As time ticked on, ever closer to hearing the announcer elongate the names of the fighters, I spent a few minutes showing my face to the boxers in the dressing rooms – no objections here, they were oblivious to me wandering around. It became evident I had complete freedom to work. Quite unlike a normal day at the office where there are many rules where you can sit or go at sporting venues.
I’m not fussed about what level of sport I’m watching. I can get more hyped up and excited watching a youth football team I help train compared to watching a typical Premiership football match. Sometimes we’re all guilty of getting sucked into the hype. Watching grassroots sport can be really good and a hell of a lot cheaper.
Punters began to arrive and had time to down a few pints. I busied myself peeking around doors of tiny dressing rooms lurking in the shadows, watching the boxers warming up with their hands wrapped, and shadow boxing.
The bell rang, the announcer made his introductions. Nine matches on the card. The fighters, a solicitor, a banker and an IT consultant, were of differing shapes and sizes but mostly a bit soft around the middle. But as it turned out every one of them was brave and committed.
I needed a variety of pictures. I started at ringside for some tight action before moving upstairs for a different angle and general view. The crowd cheered their mates from the office. The atmosphere was buzzing! Moving about the crowd you have to keep your wits about you. It can be quite unpredictable when alcohol and fighting are in close proximity. Last time I was here all those years ago, the best fight I saw took place in the crowd. Which is why there’s plenty of big burly bouncers prowling the scene. But I was still careful not to knock into anyone.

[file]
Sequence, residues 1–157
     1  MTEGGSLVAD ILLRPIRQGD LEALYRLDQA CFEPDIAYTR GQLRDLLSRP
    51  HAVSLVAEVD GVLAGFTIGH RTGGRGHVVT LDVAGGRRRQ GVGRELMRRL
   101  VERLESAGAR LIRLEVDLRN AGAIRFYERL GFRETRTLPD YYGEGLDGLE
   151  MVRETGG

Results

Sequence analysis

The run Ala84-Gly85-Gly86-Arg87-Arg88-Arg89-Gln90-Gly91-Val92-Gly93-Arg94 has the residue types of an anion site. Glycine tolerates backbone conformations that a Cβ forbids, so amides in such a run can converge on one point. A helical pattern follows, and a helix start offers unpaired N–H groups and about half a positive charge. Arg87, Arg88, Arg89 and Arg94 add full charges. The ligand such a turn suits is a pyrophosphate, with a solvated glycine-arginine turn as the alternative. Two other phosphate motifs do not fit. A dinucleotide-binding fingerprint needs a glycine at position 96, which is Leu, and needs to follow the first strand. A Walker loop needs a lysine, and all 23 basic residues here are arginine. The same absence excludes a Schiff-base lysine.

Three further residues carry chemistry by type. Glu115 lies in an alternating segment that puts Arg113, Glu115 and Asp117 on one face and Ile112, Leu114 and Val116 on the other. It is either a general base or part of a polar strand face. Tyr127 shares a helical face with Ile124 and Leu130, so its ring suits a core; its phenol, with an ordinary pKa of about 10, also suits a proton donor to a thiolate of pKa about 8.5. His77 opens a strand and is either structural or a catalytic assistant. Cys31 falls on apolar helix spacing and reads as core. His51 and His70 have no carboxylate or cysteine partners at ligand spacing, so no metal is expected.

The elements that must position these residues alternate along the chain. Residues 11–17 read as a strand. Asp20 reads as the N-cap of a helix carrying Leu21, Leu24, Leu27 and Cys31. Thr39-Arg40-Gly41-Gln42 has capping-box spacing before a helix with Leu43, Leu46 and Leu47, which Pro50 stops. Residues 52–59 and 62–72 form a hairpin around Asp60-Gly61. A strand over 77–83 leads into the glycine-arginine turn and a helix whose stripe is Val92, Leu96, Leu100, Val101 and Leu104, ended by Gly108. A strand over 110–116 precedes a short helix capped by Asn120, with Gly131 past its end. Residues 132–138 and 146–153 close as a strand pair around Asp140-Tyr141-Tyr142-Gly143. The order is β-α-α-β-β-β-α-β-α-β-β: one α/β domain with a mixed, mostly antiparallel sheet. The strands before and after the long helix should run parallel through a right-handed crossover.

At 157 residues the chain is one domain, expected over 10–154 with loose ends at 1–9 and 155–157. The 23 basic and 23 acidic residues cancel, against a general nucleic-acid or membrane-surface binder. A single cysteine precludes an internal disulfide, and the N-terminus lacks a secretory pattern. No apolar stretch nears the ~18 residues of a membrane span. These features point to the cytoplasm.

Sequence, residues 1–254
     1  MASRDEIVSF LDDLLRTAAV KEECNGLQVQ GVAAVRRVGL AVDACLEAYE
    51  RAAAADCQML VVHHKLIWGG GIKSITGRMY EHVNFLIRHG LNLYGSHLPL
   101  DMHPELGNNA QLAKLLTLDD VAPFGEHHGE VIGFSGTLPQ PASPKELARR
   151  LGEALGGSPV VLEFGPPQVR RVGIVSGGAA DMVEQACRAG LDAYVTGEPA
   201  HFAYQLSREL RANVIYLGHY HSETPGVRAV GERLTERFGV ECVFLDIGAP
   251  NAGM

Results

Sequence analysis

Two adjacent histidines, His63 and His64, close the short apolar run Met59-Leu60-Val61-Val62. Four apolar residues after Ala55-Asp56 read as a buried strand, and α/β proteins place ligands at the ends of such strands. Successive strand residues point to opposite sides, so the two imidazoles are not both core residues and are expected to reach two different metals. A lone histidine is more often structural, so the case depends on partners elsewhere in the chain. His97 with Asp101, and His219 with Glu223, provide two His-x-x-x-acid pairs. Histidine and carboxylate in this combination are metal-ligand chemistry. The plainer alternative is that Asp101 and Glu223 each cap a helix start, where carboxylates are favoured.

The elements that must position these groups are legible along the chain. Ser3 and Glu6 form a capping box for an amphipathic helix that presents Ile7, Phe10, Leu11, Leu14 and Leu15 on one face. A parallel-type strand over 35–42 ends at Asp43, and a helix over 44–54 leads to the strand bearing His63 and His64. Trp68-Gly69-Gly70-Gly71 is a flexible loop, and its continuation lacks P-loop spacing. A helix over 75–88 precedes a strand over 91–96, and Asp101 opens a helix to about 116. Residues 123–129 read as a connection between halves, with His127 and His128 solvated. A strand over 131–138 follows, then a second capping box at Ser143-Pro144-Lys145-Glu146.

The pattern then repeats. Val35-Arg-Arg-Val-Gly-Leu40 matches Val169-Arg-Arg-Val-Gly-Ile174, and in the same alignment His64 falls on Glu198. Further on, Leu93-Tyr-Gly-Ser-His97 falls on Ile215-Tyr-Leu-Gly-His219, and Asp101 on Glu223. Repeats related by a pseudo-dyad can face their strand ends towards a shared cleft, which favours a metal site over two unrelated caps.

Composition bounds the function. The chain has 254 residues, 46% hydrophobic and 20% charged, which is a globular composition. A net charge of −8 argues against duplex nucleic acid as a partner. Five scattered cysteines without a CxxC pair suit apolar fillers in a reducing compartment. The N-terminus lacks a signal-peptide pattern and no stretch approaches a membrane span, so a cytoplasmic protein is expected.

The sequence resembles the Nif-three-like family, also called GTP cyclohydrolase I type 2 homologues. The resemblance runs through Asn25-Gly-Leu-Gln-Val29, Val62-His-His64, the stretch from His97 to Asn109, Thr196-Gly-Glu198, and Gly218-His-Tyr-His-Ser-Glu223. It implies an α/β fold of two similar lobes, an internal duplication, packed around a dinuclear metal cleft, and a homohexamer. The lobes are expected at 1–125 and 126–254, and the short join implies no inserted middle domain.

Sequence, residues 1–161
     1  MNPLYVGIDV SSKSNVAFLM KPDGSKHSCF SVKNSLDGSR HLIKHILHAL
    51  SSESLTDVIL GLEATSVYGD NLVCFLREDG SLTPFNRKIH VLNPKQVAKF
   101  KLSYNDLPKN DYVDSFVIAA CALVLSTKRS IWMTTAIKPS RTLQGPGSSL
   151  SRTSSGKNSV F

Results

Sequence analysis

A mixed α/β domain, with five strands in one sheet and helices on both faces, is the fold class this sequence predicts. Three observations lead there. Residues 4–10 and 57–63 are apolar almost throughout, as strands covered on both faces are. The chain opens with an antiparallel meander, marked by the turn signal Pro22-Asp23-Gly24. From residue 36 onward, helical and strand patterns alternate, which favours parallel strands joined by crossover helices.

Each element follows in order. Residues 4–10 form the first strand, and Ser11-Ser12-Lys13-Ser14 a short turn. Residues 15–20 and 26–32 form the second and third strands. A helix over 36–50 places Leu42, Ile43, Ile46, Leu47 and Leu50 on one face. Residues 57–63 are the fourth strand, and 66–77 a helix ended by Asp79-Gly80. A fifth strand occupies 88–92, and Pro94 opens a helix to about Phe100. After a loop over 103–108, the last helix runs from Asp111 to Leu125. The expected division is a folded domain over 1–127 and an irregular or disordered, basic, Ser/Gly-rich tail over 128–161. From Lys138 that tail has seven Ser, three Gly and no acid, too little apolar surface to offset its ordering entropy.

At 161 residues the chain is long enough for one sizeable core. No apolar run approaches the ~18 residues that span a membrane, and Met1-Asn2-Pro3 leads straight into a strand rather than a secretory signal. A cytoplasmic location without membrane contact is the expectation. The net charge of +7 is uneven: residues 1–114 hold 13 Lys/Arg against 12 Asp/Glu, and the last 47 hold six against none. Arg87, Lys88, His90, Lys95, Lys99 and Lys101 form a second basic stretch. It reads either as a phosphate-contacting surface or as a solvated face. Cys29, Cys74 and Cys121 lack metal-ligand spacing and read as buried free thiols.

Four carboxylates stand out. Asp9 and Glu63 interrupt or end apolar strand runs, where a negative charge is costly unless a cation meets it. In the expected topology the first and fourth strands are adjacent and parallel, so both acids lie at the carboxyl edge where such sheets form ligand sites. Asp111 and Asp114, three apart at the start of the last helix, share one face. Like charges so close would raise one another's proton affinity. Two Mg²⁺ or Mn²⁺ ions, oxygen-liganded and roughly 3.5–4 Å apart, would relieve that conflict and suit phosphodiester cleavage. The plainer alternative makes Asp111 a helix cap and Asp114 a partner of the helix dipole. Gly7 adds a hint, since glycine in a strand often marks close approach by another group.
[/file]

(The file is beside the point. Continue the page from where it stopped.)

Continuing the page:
As the fights progressed a mental checklist was developing in my mind. I have the warm-up stuff, tight action and the wide angle. I trained my lens on the crowd for a few rounds. Men whistling and cheering their mates, women shielding their faces as their colleagues were getting knocked about the place. It’s a good feeling going to work and enjoying yourself. Especially when you’re making pictures you like. As I “worked” the crowd, the decibel levels rose just that bit more. I could tell a fight was lop-sided. I needed to concentrate back on the ring. A blue-corner boxer took a punch flush on the nose. He tried to continue, his face bloodied, but the referee sensibly called an end to the fight. I quickly moved back to the empty dressing room to await his arrival. He walked straight to the sink to inspect his reflection and look at his broken nose in the mirror. Just me and him. I shot a couple of frames despite wanting to “hammer” the motordrive. An amazing scene. You’d never been allowed to photograph that on the professional circuit.
After nine fights I’d shot nearly 700 frames. It was past midnight when I made it home, the edit was going to be long, and would have to wait until tomorrow. Still, more features like these please!